The CROWN Act: Protecting Austin Employees from Hair Discrimination
July 8, 2022 • Jordan A. Fishman
Category: Legal Updates
With its implementation of the Creating a Respectful and Open World for Natural Hair (“CROWN”) Act in June, the City of Austin joins twelve states who have passed legislation amending the definition of the word “race” to include protections against hair discrimination. As a result, the City Code’s definition of “unlawful employment practice” will include “protective hairstyles,” which means a hairstyle necessitated by, or resulting from, the characteristics of a hair texture or hairstyle commonly associated with race, national origin, ethnicity, or culture, and includes, but is not limited to:
- Bantu knots.
- Hair that is tightly coiled or tightly curled.
The CROWN Act was first introduced as federal legislation in 2019 to eliminate hair discrimination across the country as part of a national movement driven by the CROWN Coalition. The United States House passed the CROWN Act in March of this year and now the bill is heading to the Senate for a vote.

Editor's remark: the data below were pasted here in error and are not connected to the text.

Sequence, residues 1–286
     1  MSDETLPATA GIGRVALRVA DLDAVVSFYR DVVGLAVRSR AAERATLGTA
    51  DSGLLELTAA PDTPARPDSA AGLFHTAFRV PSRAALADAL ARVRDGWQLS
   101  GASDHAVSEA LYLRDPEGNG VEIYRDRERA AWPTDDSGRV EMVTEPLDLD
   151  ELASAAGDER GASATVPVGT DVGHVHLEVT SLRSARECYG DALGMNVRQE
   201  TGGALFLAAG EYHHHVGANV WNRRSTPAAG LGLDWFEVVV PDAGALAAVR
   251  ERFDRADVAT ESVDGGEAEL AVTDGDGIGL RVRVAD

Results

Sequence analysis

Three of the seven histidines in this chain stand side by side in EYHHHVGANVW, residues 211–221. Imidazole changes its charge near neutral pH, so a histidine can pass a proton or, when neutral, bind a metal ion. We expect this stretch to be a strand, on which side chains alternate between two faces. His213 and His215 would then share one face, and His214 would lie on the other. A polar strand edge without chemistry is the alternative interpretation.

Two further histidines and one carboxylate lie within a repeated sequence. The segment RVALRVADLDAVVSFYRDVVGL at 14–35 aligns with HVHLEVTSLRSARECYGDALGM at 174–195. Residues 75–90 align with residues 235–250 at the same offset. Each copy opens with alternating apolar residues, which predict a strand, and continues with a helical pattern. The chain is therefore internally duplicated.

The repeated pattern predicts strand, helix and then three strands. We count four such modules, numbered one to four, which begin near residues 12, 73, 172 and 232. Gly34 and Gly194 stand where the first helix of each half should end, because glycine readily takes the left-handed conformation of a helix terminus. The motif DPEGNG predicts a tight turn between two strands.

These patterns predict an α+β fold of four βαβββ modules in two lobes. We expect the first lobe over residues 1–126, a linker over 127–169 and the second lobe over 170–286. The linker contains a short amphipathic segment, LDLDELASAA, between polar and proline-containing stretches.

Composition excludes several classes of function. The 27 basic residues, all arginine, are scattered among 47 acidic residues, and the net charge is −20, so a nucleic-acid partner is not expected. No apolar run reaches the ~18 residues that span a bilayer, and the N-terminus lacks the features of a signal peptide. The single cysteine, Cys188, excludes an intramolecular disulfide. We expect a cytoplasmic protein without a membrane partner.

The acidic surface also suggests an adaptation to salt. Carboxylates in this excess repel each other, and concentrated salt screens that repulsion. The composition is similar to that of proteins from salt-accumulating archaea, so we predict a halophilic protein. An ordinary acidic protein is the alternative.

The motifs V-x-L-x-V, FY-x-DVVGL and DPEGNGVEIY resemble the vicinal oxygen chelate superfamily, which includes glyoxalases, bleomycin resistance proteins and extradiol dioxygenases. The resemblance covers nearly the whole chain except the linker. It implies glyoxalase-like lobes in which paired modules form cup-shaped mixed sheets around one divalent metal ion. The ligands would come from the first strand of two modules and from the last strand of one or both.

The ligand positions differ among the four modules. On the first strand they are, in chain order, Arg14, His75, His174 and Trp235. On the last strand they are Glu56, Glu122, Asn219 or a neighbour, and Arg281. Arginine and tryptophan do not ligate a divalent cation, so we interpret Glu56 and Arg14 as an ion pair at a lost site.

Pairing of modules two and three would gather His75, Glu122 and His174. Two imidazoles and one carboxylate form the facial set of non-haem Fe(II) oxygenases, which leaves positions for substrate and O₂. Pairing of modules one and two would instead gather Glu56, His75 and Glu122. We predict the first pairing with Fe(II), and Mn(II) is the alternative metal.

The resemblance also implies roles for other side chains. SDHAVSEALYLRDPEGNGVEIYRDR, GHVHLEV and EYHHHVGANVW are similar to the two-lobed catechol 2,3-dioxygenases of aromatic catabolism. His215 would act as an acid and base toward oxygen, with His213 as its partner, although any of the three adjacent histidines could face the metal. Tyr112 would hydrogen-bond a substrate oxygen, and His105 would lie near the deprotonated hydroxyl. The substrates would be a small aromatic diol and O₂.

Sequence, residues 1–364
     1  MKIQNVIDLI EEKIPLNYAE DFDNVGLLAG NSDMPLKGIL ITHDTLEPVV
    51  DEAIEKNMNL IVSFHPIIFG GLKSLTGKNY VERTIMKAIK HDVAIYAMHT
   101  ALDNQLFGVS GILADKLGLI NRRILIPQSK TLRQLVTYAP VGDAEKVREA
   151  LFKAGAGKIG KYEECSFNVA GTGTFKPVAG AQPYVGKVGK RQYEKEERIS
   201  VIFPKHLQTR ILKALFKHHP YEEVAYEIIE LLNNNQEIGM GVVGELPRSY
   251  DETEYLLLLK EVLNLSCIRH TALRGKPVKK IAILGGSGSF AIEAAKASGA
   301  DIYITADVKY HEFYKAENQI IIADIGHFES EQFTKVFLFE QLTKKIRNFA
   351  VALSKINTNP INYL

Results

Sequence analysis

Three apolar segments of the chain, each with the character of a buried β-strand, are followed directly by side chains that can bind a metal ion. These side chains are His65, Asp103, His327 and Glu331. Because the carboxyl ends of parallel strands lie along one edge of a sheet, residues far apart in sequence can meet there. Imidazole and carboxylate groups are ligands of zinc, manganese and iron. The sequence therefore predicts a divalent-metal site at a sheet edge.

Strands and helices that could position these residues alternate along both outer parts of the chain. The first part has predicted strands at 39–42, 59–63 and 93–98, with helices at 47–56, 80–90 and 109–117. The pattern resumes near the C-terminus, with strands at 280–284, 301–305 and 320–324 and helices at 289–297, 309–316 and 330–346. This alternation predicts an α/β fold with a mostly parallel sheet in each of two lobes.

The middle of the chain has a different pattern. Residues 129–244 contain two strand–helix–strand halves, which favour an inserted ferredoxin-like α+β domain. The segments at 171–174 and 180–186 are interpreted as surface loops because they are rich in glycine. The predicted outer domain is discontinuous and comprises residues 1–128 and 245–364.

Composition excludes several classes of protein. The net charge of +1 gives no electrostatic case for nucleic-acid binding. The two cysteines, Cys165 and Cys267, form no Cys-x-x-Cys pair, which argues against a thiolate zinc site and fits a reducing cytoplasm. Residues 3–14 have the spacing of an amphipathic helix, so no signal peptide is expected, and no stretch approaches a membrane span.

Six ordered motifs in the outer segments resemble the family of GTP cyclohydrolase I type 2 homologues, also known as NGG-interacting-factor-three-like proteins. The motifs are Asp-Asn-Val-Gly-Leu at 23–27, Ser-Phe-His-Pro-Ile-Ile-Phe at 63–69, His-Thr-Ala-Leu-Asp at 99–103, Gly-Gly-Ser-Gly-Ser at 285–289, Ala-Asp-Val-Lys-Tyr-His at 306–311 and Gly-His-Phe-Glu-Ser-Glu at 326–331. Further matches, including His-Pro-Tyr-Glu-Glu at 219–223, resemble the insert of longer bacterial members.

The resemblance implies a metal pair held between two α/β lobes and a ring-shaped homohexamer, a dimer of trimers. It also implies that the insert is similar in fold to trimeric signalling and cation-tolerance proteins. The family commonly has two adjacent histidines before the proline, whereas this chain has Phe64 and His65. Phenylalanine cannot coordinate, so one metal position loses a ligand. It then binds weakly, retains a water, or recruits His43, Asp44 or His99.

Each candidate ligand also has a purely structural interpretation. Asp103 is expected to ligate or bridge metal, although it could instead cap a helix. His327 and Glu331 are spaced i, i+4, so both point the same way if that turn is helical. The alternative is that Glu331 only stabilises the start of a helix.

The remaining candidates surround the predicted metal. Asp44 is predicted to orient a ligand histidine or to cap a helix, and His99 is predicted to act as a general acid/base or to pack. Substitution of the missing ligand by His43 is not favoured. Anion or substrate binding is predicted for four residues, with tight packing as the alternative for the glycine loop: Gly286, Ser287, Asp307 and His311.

Austin’s passage of the CROWN Act resolution/ordinance will ensure that discrimination can be addressed before protections are introduced nationally. Austin is the first city in Texas to pass this act. We recommend that Texas employers review dress code and personal appearance policies to ensure that there isn’t any language that may conflict with this amendment.
For a printable PDF of this article, click here.
THIS DOCUMENT PROVIDES A GENERAL SUMMARY AND IS FOR INFORMATIONAL/EDUCATIONAL PURPOSES ONLY. IT IS NOT INTENDED TO BE COMPREHENSIVE, NOR DOES IT CONSTITUTE LEGAL ADVICE. PLEASE CONSULT WITH COUNSEL BEFORE TAKING OR REFRAINING FROM TAKING ANY ACTION.
Sign up to receive publications by e-mail.
We'll e-mail you once a week with new publications.